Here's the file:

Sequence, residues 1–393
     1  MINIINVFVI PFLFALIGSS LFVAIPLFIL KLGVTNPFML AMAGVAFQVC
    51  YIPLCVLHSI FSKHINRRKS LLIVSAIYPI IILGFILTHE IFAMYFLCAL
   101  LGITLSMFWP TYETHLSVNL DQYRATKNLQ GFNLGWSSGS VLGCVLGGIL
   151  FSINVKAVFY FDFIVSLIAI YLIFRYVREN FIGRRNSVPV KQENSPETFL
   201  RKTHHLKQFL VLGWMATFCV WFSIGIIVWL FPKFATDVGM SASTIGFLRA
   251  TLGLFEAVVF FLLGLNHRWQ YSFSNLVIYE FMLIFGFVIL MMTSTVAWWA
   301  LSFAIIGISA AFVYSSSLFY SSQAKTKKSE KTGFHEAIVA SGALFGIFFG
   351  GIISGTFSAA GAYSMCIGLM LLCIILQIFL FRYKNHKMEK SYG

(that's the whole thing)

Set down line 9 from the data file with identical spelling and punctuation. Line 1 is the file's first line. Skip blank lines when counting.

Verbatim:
   351  GIISGTFSAA GAYSMCIGLM LLCIILQIFL FRYKNHKMEK SYG